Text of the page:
Most Popular

Rogue RM-100A A-Style Mandolin Sunburst

Rogue RM-100A A-Style Mandolin Sunburst

Sporting a gorgeous finish, the Rogue RM-100A is a well-built, traditional A-model mandolin. It features clean workmanship throughout and projects a bright tone with lots of bark. With an easy-to-play neck and adjustable bridge, the RM-100A is perfect for beginners who wish to play bluegrass or any other style of music. Finishing touches include chrome tuners and nickel-plated frets.


Ibanez A-Style Acoustic Electric Mandolin Dark Violin Sunburst

Ibanez A-Style Acoustic Electric Mandolin Dark Violin Sunburst

Ibanez has a storied history in bluegrass and acoustic music. Even Bill Monroe explored the Ibanez line of mandolins way back in the 1970s. Once you hear these little 8-strings, it's not surprising why. Designed under the premiere craftsmanship of Ibanez luthiers and using fine tonewoods, this Ibanez mandolin sounds great and will stand the test of time, without a high pricetag. Built in the teardrop A-style platform, the M510EDVS features mahogany for the neck, back and sides, offering a crisp attack and lasting high-end sustain—ideal for chopping away in the rhythm or for shimmering solos.


Kentucky KM-150S Standard A-model All-solid Mandolin Traditional Sunburst

Kentucky KM-150S Standard A-model All-solid Mandolin Traditional Sunburst

All-solid tone wood construction means that the Kentucky KM-150 mandolin will just get better and better right along with you. As moisture and resins dissipate over time, the solid spruce top will vibrate ever more freely as tone and volume increase. Take pleasure in growing with your instrument.The deeper bodied KM-150 is ideal for Bluegrass, Old-Time, Gospel and the Country and has all of the design features that have defined the A-Model Mandolins for over 80 years.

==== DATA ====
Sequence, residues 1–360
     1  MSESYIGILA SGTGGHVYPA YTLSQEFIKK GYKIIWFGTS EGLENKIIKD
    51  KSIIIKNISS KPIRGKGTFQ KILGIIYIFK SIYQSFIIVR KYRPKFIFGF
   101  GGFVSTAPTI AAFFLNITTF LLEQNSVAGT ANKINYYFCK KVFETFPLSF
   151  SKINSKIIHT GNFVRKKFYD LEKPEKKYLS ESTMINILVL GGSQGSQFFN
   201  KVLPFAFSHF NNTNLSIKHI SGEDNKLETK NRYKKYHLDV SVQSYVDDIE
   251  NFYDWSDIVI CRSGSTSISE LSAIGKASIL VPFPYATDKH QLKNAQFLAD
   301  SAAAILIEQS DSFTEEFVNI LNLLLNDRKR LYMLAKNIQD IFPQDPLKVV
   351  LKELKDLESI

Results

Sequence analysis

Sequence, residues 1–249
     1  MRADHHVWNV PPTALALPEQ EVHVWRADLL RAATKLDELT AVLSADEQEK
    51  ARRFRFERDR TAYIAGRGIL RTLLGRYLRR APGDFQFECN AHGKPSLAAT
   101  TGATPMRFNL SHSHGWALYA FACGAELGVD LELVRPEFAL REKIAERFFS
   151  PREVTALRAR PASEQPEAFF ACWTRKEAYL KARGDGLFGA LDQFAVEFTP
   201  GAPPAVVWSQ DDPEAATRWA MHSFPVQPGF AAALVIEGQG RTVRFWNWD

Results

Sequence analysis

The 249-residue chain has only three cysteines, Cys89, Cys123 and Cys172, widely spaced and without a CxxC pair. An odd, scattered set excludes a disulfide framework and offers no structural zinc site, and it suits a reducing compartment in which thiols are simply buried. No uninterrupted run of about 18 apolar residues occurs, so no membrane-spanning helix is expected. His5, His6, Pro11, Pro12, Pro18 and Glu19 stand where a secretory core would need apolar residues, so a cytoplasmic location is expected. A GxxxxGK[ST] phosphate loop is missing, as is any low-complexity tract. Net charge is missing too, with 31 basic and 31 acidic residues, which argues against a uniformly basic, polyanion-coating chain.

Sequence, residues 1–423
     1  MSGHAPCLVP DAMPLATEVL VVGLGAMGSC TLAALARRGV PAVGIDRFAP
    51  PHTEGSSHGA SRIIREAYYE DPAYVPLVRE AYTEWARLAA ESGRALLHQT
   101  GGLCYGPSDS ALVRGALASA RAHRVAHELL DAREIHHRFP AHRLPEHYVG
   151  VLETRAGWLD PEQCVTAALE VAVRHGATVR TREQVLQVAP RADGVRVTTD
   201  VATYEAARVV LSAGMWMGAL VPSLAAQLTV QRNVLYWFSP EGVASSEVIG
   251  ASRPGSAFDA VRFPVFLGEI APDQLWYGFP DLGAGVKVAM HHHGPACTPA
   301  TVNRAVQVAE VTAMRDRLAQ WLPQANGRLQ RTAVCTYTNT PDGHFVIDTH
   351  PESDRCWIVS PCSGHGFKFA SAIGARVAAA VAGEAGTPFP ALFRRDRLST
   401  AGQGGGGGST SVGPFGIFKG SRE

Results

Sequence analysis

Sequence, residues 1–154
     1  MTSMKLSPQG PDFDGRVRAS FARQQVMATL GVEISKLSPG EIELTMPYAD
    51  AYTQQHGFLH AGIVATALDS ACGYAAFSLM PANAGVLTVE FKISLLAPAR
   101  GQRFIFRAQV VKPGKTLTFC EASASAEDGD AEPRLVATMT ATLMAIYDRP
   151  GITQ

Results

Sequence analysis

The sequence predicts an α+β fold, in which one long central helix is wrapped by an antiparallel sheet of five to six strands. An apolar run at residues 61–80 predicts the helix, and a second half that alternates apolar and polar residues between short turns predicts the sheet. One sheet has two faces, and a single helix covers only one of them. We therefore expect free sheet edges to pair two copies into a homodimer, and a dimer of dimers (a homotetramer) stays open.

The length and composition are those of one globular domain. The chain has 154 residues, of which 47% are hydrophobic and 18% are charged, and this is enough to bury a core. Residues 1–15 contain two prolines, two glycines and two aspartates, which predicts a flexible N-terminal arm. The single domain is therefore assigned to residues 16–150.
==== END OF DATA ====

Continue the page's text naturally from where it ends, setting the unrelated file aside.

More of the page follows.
Starter's Kit


Fender FM 100 Mandolin Pack Sunburst

Fender FM 100 Mandolin Pack Sunburst

A-style slim-line design mandolin with a laminated spruce top, laminated nato back and sides, nato neck with 13.7" scale length, rosewood fingerboard, and compensated height-adjustable rosewood bridge. 4 chrome in-line machine heads with white plastic buttons. Other special touches include dot inlays, simple black/white body binding, silkscreened logo, white plastic nut and saddle, 2-ply black pickguard, 4-ply ivory body binding, bound fingerboard, chrome tailpiece, and F holes. Includes gig bag, strap, strings, chromatic tuner, picks, and instructional material.


Wiki

wikipedia iconWIKIPEDIA:  MANDOLIN

A mandolin is a musical instrument in the lute family (plucked, or strummed). It descends from the mandore, a soprano member of the lute family. The mandolin soundboard (the top) comes in many shapes—but generally round or teardrop-shaped, sometimes with scrolls or other projections. A mandolin may have f-holes, or a single round or oval sound hole. A round or oval sound hole may be bordered with decorative rosettes or purfling, but usually doesn't feature an intricately carved grille like a Baroque era mandolin.